As her late-morning class wrapped up for the day, Anne Marie Thompson Steen ’83 and her friends let their thoughts wander from political science to a more pressing topic: lunch. As usual, though, a classmate’s last-minute questions would keep them from Seacobeck.
Anne found her future husband, the ever-inquisitive Daniel K. Steen ’84, “annoying” back then.
But the 1981 student government elections would bring change to the undergrads, both political and personal. Working together – Anne, a junior, as vice president; Dan, a sophomore, as lobby chairman – they became friends. Three decades later, with the lessons they learned in college polished by lives and careers, the Steens are poised to push UMW even further.
“I get excited about it,” Dan said of the Mary Washington First campaign, which the Steens are chairing. “Mary Washington made a tremendous difference in our lives and the lives of so many friends. Anne and I are passionate about what the university has to offer.”
What Mary Washington offered in the early ’80s was a start. Dan, a political science and history major, was set on practicing law. Anne, who majored in economics and built a career in higher education, tested the waters, taking everything from organic chemistry to philosophy.
“Mary Washington is a terrific laboratory,” she said. “I experimented my entire time there.”
She and Dan were leaders on campus, often paving the way for each other’s successes. Anne was Student Association president one year; Dan held the title the next. Anne was the first student representative on the Mary Washington Board of Visitors (BOV); Dan, who helped establish the position, was second. Anne spoke at President Prince Woodard’s memorial service; Dan spoke at President Bill Anderson’s inauguration.
After a Randolph Hall break-in, the late professor Ray Merchent gave Anne and her hall mates this advice: You can gripe about problems, or you can fix them. Anne chose the latter and focused on campus safety.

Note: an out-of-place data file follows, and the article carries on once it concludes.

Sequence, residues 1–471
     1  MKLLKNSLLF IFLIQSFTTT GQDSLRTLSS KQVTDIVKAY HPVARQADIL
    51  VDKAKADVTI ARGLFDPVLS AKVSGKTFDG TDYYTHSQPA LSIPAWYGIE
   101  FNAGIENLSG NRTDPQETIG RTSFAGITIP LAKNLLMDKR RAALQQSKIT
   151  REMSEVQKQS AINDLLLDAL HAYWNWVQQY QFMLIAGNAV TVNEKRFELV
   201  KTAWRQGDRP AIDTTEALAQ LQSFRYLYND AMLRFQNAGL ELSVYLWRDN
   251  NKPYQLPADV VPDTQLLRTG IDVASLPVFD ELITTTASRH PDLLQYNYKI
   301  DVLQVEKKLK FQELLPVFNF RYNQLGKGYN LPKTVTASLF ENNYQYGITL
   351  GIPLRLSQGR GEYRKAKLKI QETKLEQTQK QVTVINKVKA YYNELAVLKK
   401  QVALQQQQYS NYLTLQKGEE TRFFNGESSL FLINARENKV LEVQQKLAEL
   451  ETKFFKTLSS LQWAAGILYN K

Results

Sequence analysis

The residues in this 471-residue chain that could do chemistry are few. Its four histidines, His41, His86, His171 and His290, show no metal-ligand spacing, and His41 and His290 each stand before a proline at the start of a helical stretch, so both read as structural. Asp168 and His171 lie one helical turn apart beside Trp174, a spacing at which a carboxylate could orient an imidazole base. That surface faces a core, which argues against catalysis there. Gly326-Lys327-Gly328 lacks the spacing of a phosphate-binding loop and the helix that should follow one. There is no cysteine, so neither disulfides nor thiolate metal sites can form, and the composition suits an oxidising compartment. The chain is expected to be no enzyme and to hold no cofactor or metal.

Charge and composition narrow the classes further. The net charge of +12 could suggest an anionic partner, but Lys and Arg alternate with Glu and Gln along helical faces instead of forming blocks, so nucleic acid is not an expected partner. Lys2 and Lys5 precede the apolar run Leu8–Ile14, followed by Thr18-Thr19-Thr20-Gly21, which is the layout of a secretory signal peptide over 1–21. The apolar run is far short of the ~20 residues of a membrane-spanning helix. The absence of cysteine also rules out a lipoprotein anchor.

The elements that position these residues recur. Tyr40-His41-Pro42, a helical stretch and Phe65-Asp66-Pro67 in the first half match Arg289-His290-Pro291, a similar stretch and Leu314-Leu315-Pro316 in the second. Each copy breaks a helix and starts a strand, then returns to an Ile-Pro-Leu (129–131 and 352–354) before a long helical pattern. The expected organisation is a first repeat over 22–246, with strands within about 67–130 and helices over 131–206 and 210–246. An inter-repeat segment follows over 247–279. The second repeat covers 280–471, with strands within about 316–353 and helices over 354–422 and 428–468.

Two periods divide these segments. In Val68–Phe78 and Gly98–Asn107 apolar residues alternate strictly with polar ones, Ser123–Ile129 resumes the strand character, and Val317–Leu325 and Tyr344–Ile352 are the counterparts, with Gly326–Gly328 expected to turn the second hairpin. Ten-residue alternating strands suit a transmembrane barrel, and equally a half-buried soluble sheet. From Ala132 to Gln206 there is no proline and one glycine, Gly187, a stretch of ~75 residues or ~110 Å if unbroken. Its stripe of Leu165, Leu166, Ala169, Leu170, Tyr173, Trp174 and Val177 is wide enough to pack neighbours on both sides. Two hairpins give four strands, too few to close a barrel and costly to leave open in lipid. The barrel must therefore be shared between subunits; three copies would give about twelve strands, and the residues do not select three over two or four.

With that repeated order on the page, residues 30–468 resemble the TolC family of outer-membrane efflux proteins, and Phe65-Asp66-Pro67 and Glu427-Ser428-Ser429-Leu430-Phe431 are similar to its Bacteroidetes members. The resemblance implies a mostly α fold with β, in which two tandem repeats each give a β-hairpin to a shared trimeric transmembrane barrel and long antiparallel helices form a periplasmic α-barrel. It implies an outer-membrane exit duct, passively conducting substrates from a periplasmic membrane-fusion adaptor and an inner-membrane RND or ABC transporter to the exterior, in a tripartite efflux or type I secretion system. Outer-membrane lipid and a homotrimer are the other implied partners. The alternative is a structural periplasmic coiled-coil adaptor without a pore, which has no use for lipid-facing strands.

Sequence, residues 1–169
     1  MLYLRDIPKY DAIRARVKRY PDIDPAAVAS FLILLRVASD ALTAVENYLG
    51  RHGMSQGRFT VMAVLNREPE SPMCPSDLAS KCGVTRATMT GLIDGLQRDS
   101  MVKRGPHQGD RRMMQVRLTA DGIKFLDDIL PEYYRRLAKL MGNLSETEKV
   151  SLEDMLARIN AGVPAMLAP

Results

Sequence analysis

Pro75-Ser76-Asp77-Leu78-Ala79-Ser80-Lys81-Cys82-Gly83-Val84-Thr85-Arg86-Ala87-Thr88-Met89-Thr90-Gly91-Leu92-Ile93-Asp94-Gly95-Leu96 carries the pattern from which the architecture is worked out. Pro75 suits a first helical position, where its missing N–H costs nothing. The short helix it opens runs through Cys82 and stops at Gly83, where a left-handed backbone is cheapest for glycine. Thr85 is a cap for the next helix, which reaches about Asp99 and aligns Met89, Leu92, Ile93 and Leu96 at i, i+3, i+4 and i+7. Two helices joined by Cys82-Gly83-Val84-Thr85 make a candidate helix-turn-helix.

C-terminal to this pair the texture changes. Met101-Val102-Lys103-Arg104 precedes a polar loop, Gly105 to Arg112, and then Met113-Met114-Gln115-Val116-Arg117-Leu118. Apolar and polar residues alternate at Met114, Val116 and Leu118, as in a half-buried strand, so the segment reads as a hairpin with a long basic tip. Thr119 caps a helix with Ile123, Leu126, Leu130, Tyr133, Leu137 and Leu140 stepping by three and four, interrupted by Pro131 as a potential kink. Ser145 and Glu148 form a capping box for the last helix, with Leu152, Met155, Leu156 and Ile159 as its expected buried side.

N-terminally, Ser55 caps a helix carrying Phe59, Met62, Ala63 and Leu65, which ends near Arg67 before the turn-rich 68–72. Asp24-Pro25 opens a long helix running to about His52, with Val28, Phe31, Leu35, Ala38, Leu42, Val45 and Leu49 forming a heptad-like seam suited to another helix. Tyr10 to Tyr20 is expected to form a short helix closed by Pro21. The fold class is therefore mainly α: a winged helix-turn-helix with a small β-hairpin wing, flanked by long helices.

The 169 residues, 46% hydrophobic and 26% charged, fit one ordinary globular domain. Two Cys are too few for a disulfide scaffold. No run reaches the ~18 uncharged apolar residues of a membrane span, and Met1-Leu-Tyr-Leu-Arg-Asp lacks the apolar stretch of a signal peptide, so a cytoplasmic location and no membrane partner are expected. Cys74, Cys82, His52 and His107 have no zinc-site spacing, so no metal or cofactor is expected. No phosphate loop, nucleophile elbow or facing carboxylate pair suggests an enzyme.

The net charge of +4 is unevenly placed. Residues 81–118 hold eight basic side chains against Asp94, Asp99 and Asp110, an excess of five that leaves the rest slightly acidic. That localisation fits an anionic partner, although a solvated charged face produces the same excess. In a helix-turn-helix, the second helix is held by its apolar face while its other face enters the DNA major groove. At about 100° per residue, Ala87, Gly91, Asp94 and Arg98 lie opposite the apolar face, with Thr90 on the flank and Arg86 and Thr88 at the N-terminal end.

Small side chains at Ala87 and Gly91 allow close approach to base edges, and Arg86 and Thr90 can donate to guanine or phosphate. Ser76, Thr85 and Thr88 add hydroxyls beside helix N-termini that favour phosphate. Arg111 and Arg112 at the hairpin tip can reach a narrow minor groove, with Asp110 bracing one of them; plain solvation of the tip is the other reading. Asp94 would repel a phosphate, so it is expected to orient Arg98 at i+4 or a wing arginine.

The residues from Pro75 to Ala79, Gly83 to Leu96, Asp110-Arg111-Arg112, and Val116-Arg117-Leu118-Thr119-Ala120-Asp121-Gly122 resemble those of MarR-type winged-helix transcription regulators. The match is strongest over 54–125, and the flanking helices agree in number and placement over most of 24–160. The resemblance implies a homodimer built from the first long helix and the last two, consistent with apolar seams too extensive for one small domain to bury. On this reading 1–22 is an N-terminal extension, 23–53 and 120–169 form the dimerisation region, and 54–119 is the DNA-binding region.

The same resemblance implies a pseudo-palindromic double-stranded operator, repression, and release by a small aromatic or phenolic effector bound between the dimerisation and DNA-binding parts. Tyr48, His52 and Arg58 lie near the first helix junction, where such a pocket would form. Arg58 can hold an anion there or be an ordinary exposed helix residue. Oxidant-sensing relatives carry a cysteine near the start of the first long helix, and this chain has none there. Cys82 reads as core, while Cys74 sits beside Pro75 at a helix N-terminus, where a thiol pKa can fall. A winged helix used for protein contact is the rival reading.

Dan was the voice of the students in Richmond, their advocate in everything from mandating residence hall smoke detectors to setting the 21-year-old drinking age.
“He’s a dog on a bone when he gets something going,” Anne said of his volunteer work. “Watching his level of commitment, you would’ve thought he was getting paid to do the job.”
Supported by beloved Mary Washington professors and administrators, Anne and Dan developed leadership skills.
There’s a certain energy at Mary Washington. We’re fortunate that it’s something that we’re involved in and committed to together. – Anne Marie Thompson Steen
Though she set him up with some of her girlfriends, something else was developing, too.
Classmate Scott Harris ’83 , now director of UMW’s James Monroe Museum, remembers telling Anne that Dan really liked her. “Quit hemming and hawing,” Harris said, “and let’s just get on with it.”
Halfway through Anne’s senior year, Dan asked her out. They married in 1987, surrounded by former classmates and faculty.
They make their home in Arlington, Va., where they have raised two children. Dan earned a law degree from the University of Virginia and is vice president of global government affairs for international glass manufacturer Owens-Illinois. Anne, who has a master’s degree in counselor education from U.Va., is director of the Georgetown University School of Foreign Service career center.
“From the beginning, we were very much a Mary Washington couple,” said Dan, who served two terms on the BOV, one term as rector.
If it concerns their alma mater – from recruiting to reunion, from the Alumni Association to the Mary Washington First campaign – the Steens are all in.
“There’s a certain energy at Mary Washington. We’re fortunate that it’s something that we’re involved in and committed to together.”